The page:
Review: Mike Tramp – Second Time Around

Target Records (May 1st 2020)

Reviewer: Grant Foster

I have to admit something. Mike and I have history. Back in his Freak of Nature days, I not only saw them many times, but also supported him in Basingstoke, of all places. I’d just had my second tattoo completed and Mike and I shot the breeze for quite a while with the main man before and after the show on tattoos and many other subjects too. I wasn’t a big fan of White Lion, I really liked Freak of Nature and after ‘Capricorn’, I kinda lost track of Mike until a couple of years back when I was quite rightly told to stop being such an arse and acquaint myself with his later solo work.

It’s fair to say, Mike will never escape his White Lion days – I’ve read interviews where he complains about having to sing way above his natural range – and he has to field constant reunion questions. Mike’s solo work on the other hand, is as honest as the day is long. He seems completely comfortable in his own skin now and has turned out a high quality body of work so far.

Second Time Around‘ is a re-imagining of Tramp’s 2009 album, ‘Mike Tramp & The Rock and Roll Circuz’, that was only released in Denmark. Now you may think – ‘Why?’ Mike himself has said that the originals are some of his favourite tunes and were never given a chance and he missed singing them live. The question is – does it work?

Co-produced by Mike and Soren Anderson, the songs actually come across as fresh and full of life, when they could have seemed to be stale. Mike’s vocal delivery through out is warm, convincing and within his rightful range. He certainly sounds stronger vocally than I ever remember him. The songs here cover a wide variety of feelings and moods.

From the opener ‘All My Life’ which is an autobiographical tale of life in a rock and roll band, to ‘The Road’, which is deeper and darker, then on to the melancholy feel of ‘Anymore’, which deals with breakup and love lost. ‘Come On’ rocks and bops along, ‘Between Good And Bad’ is a gritty rocker, ‘Highway’ is a sunny day in musical form and ‘Tomorrow‘ is a stomping rocker. The album concludes with ‘When She Cries.’ It’s a hugely touching ballad about the day Mike’s daughter was born.

Mike has proved once again he is an excellent vocalist and a story teller of some note. This release has to be up there with the finest of Mike’s solo work and even touches the highs of his White Lion and Freak of Nature days, as it really feels like a real band collaboration on the arrangements.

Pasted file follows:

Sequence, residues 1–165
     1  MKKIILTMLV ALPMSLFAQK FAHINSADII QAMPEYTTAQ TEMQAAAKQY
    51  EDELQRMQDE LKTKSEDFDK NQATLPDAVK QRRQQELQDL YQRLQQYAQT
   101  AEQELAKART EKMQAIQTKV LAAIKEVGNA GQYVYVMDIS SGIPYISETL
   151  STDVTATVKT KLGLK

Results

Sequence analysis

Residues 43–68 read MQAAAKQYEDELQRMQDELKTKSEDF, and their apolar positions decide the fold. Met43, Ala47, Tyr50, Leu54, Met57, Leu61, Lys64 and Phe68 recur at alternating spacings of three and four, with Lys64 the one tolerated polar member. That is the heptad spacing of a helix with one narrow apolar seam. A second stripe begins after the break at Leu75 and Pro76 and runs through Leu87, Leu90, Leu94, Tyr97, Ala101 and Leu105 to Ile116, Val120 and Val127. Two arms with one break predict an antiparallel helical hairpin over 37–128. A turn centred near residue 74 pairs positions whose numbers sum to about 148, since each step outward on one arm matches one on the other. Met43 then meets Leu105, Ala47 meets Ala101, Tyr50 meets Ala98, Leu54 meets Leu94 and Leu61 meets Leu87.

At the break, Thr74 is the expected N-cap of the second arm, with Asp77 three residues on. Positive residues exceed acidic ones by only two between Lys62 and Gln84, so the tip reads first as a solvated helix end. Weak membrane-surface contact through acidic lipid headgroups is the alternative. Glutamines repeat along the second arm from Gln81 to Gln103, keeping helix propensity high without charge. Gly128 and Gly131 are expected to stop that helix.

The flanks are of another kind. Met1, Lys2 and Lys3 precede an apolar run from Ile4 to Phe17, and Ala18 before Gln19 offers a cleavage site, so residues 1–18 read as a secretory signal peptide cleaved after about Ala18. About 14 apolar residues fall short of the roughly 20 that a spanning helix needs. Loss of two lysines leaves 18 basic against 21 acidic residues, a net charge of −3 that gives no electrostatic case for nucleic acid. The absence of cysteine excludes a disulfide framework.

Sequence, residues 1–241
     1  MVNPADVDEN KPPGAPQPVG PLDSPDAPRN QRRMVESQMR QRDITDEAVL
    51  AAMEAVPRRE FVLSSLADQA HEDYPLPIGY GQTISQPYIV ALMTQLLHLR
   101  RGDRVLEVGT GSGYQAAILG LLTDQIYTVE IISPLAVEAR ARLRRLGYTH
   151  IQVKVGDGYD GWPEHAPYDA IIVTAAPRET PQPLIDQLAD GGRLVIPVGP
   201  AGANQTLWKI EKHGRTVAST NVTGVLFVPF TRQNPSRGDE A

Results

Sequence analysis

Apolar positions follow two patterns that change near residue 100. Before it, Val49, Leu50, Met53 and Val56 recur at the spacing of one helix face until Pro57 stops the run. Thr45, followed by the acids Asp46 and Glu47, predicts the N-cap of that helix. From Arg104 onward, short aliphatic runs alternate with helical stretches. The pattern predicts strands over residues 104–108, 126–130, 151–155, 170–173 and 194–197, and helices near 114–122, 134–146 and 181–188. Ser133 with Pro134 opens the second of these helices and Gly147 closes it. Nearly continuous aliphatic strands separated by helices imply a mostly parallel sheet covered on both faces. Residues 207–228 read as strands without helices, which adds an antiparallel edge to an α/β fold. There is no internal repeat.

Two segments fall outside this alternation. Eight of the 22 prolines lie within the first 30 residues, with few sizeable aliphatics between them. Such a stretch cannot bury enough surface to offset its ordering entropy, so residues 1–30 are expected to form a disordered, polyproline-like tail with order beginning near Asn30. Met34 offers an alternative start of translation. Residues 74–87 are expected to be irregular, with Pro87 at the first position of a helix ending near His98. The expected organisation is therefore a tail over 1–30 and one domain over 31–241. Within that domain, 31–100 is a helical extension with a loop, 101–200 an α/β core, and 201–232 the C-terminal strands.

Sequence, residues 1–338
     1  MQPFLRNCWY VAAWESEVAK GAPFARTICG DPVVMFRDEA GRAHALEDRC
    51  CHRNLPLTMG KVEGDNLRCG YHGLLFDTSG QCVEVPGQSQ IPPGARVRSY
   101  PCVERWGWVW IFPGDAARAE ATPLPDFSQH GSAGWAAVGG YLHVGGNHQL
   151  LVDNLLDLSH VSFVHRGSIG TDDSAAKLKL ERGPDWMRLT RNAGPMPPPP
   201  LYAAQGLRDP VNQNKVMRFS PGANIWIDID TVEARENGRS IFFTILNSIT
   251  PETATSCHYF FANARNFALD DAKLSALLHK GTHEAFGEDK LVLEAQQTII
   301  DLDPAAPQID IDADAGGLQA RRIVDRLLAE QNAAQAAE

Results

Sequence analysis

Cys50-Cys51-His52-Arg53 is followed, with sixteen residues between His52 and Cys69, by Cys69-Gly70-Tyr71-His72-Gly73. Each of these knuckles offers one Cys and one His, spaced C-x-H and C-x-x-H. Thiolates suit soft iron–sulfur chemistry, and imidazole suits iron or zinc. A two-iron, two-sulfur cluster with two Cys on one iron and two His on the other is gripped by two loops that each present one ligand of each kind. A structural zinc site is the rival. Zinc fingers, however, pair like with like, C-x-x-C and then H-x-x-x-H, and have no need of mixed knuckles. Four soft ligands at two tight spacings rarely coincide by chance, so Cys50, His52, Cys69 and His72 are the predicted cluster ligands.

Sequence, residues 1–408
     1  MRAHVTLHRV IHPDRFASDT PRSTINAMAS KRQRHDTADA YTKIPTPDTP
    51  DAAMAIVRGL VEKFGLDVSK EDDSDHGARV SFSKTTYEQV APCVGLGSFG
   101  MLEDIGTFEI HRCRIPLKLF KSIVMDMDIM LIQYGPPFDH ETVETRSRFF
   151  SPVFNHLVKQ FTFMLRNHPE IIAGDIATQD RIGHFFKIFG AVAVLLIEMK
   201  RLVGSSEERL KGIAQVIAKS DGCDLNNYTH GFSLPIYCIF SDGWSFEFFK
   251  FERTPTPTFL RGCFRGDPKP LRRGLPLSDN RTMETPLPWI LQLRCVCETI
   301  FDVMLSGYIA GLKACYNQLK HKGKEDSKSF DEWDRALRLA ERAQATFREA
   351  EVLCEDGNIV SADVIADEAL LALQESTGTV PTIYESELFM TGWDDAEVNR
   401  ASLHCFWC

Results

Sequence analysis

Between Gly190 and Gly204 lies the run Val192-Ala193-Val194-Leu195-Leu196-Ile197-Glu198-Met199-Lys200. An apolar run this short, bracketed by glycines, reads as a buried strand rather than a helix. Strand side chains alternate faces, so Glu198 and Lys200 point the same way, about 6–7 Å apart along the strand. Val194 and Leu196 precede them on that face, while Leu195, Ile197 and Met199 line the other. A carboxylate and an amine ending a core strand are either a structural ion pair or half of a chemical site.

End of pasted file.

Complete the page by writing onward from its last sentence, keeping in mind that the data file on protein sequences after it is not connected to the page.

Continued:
Review: The Outlaw Orchestra – Pantomime Villains

Voodoo Queen Records (May 29th 2020)

Reviewer: Grant Foster

As I type this, we are in uncharted waters. So, what better than to be reviewing The Outlaw Orchestra. Their name had been bought to my attention by Donna Lennoc, one of a few Facebook friends, who support new and upcoming bands. (Well done you lot!)

The band’s website describes them as coming from the Deep South……….as in the south coast of England, not Texas! Like good whiskey, they are a definite blend. Country, blues, Cajun, rock and even splashes of Motorhead are put up on offer as influences, but I like the term ‘countrified rock and roll’, that is also mentioned.

What they definitely are, is authentic. They sound and more importantly, FEEL, like they are from Arkansas. They walk it and they talk it. You can just tell it runs through their veins. The second track, ‘Chicken Fried Snake’ is an absolute balls out classic. You’ll never eat fish and chips or a kebab again after listening to this tune.

Whiskey Drinking Liar’ has Blackfoot stamped all over it. I can hear Rickey Medlock applauding all the way from Skynyrdland. The sound that the OO has created is joyous. Wait on, did I say Blackfoot? There goes a big slab of the Allman Brothers. It’s all warm and layered, but yet so organic. The vocals of Dave Roux bleed Texicana and swamps and ‘gators in only the way real rock and roll does. It’s fabulous. Pete Briley’s banjo and lap steel are all over this recording and it’s those subtle and not so subtle touches that are all in the right places. Alex Barter plays a double bass with a crocodile’s head, all stand up and aggro. The drums of Ryan Smith swing, a la Bonham, Baker and all those mid 50’s and 60’s rock and roll skin swingers.

Arabaia’ has the wonderful refrain, ‘Where’s my camel when you need one?!’ These guys also play with a big assed smile on their faces. Can you imagine them live?! ‘Jumpin Jive’ is exactly what you’d expect it to be like, a hoe down with Brian Setzer at the bar downing double Makers Mark. Yet the boys can do ‘mellow’ too.